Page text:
Gabriel D. Roberts writes to share an interview he conducted with Dr. Rick Strassman, author of DMT: The Spirit Molecule, for VICE:
Dr. Rick Strassman, author of DMT: The Spirit Molecule, is responsible for groundbreaking research on dimethyltryptamine that reopened the legal doors for serious psychedelic study after decades of stagnation. Between 1990 and 1995 Dr. Strassman helped 60 patients enter the void and then documented their experiences at the University of New Mexico’s School of Medicine. Aside from his scientific observations, he has also suggested that DMT might have ties to stories of alien abduction, and that the release of DMT from the pineal gland into a fetus roughly seven weeks after conception “marks the entrance of the spirit.”
My third book, The Quest for Gnosis, was released last month and features interviews with many of the leading minds in psychedelic study, including Dr. Strassman. His work has been a profound influence on my own life and research, and I was privileged to speak with him about DMT, ecstatic states, alien encounters, religion, death, and the legalization of psychedelics. The below conversation is an excerpt from the book, which you can buy here.
VICE: You wrote the groundbreaking book DMT: The Spirit Molecule and were granted the first clinical study of psychedelics in 20 years. How did it feel to have that much riding on the research?
Dr. Rick Strassman: I felt a lot of responsibility, but at the same time I knew that the people aware of the research and monitoring it were relatively few. I wasn’t directly responsible to that many people, even though the long-term effects of my research made me feel a lot of responsibility to perform the study with the utmost rigor and care. Besides making certain to minimize the likelihood of adverse effects, the degree of direct observation and supervision was quite manageable. I recognized the importance of my work for the future of American psychedelic studies, and I wanted to make certain that it was performed in broad daylight. That way I felt the responsibility was shared among everyone involved in the process.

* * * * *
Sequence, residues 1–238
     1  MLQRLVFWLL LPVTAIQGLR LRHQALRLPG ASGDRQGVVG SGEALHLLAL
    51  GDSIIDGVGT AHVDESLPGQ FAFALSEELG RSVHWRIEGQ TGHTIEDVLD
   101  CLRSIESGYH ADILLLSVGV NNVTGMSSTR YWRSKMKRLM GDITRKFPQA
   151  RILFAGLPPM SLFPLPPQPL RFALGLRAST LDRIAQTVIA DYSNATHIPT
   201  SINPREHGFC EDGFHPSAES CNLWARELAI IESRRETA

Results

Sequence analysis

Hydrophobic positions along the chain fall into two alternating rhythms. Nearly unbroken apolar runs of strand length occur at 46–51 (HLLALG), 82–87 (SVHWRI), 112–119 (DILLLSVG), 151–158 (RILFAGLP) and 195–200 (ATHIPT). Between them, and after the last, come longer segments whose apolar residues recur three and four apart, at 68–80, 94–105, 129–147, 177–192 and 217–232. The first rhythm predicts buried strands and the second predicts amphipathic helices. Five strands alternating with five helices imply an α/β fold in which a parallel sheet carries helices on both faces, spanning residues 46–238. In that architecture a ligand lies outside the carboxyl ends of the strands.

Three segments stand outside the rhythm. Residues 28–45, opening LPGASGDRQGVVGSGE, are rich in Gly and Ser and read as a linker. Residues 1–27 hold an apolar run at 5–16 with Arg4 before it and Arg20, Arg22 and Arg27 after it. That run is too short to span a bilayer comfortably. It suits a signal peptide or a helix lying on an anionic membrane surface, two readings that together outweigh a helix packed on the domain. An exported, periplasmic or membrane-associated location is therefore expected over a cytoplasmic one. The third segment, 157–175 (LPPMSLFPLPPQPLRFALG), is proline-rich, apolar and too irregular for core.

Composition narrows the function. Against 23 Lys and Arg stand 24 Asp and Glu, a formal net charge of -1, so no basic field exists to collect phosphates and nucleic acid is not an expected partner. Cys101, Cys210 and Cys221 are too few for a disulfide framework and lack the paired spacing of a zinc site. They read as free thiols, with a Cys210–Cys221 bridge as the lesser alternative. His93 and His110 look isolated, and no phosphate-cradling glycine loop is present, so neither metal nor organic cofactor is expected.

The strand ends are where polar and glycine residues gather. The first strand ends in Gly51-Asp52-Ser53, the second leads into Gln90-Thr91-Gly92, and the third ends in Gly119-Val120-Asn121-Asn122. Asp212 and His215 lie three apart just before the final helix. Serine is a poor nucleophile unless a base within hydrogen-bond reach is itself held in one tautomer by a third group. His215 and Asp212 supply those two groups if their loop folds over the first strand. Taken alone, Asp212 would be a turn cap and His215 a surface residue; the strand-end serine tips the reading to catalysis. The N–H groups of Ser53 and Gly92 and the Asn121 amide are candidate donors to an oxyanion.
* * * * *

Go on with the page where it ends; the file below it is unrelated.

There is much debate about whether or not the psychedelic experience is entirely within the mind, or possibly reaching outside of it. Can you cite an example within your ongoing research that leads you to a conclusion one- ay or the other?
At this point, I don’t believe that it is possible to objectively determine how much of what we apprehend under the influence of psychedelic drugs is internally generated or externally perceived. It makes sense to me to suggest a spectrum of the phenomenon. There are times when our own personality predominates, rather than the awareness of something external to us. At other times, what we see is more external to us rather than self-generated. It’s impossible, though, to have a pure culture of one or the other. Without our personal life experience and biological makeup, we’d be unable to decipher what it is we are seeing.
For example, one of the DMT subjects, Marsha, saw a profoundly psychedelic vision of manikin-like 1890s figures on a merry-go-round. With some questioning, we decided the vision related as much to her body image in the context of her marriage as to something more metaphysical. Another volunteer in the study, Chris, entered into a blissful yellow-white light and merged with it, along with very few contents that he could associate with personal psychological themes.
Gabriel writes for VICE Magazine, Disinfo.com and Realitysandwich.com and is the author of three books. He is continuing his research at the University of Washington in his hometown of Tacoma, WA.
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